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Lack of snow in Columbia has historical significance, repercussions

Thursday, December 13, 2012 | 7:41 p.m. CST; updated 8:53 p.m. CST, Thursday, December 13, 2012
2012 is now sixth on the list of years with the most consecutive days without measurable snow in Columbia, according to the National Weather Service. It’s been more than 300 days since the last snowfall.

COLUMBIA — Dreaming of a white Christmas? Don't get your hopes up.

An ongoing streak has edged its way up to No. 6 on the list of most consecutive days without measurable snow in Columbia since 1890, according to the National Weather Service. It has been 303 days since the last measurable snow. 

This is the longest stretch since 2009, when Columbia went 324 days without snow. Topping the list at No. 1 was 2001, with 334 days sans frosty flakes.

"Anytime you get within the top 10 of a particular element, it is pretty noteworthy," National Weather Service meteorologist Ben Miller said Thursday. "You're in the top 10 percent of all time. It's pretty remarkable that we have gone as long as we have without measurable snow."

The forecast for the next seven days does not include any signs of snow. If Columbia goes eight more days without snow, the streak will tie 2002 as No. 4 on the list.  

"I could easily see us jumping up to higher places on the list," Miller said. "We have a long ways to go to break the all-time record in 2001, though."

Warm temperatures and an early end to winter in February are both factors in the lack of snowfall, according to the weather service.

"Couple that with a dry spring and, even if it was cold, it would not have made a whole lot of difference, because there was not a whole lot of rain,"  Miller said.

The lack of snow means fewer sales for snow removal businesses. 

Richard Green, general manager for Knapheide Truck Equipment Co. in Jefferson City, said he has had significantly lower sales of snowplows and ice control equipment this year.

"It is why I am getting old and bald," he said.

Green said sales of snow removal equipment are more dependent on the forecast than on actual snowfall.

"When it doesn't snow, not only do we not sell new equipment, but our parts and service sales are reduced," he said.

Sales might drop further if snow does not come before January, he said.

"If we don't get a forecast for snow pretty soon, most people will think it will only snow once or twice and can get by," Green said. "If we get into January with no snow, very few people will do anything because they think it will melt away first."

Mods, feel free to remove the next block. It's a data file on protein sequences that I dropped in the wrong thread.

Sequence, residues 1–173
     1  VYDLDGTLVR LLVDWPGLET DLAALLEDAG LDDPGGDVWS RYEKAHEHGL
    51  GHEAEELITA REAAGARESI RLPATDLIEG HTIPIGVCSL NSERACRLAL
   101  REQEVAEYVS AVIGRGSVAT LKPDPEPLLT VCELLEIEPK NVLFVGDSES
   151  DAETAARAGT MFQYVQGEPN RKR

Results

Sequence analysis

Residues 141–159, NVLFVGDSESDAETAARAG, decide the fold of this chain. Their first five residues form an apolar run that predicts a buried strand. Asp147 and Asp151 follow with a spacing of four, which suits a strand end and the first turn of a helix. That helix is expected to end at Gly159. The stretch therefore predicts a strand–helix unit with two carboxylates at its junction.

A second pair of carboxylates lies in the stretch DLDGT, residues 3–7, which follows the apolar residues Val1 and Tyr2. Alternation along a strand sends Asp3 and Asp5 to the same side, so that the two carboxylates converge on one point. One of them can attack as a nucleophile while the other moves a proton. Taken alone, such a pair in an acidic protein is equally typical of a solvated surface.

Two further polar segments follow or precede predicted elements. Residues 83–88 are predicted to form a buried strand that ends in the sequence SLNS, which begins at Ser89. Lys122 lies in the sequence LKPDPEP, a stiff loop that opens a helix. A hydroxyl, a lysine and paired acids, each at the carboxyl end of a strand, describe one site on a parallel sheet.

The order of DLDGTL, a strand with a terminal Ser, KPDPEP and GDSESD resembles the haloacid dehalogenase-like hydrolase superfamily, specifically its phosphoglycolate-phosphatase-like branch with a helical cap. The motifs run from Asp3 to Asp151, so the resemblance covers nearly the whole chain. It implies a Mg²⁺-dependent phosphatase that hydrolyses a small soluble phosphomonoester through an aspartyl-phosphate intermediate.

Amazing Grass owner Chris Hayden has owned his business for about six years. He said sales have suffered more this winter than previous years. 

"We are running out of normal things to do," Hayden said. "All we are doing is leaf removals, but the drought affected that anyways. There's not much to do right now. Everyone is waiting for snow."

Hayden said fewer people have signed up for his snow removal list, but he will remain optimistic.

"We have had so many days pass without snow that nobody thinks it is coming," Hayden said. "I'm thinking it will pick up. I'm expecting snow within three weeks. If we don't get snow, yeah, we are going to be in a hard place. But it has to come. I know it will."

Supervising editor is John Schneller.


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Comments

Derrick Fogle December 13, 2012 | 8:25 p.m.

By far, the longest outdoor Hacky Sack season EVAR!!!1!!

Too bad this is like enjoying the nice scenery on a train ride towards hell.

(Report Comment)
mike mentor December 14, 2012 | 9:39 a.m.

As long as we are having fun with this one, let me play. I'll put some fuzzy math to the above numbers and then pull some defense from the headlines of the day.

Let's see here. Statisticians often call the most extreme result an anomoly. So, let's look at the averages of the two streaks on each end of the spectrum and average them to make sure we are using sound science ;-)

The average of the longest two streaks comes out to a streak of 331.5 days and the average of the two years is 1960. The average of the shortest two streaks on the list is 295 days for the average year of 1994. So, clearly we have a trend line showing a trend toward more cold and snow. No snow for 331.5 days in 1960* (Never mind the asterisk... These are not the droids you're looking for...) and we only had to wait 295 days for snow in 1994*. That is a trend of about a day less wait per year. (36 days less wait over the 34 year time frame)

So, clearly we have to do something about this problem of too much snow. It is the most pressing problem I can think of. I mean c'mon. If this trend continues by the time we get to the year 2289 it is going to snow EVeRY DaY !!!

You people need to wake up!

By the way, anyone that dares disagree with me or questions my arithmatic, has clearly identified themselves as a racist and should be thrown in jail.

(Report Comment)
Michael Williams December 14, 2012 | 9:59 a.m.

Now now, MikeM.

You forgot the 95% confidence interval around your 2 point regression line which, I think, will show that the calculated slope of the line for number of consecutive non-snow days versus time is either positive, negative, or zero.

A startling discovery, indeed!

PS: Great post! I'm still laffin'. I REALLY liked how you pulled together the obviously closely-related concepts of climate change and racism as happens so often these dayz. I'm glad you've figured out how to do this. Truly remarkable. I'm envious.

;^)

(Report Comment)

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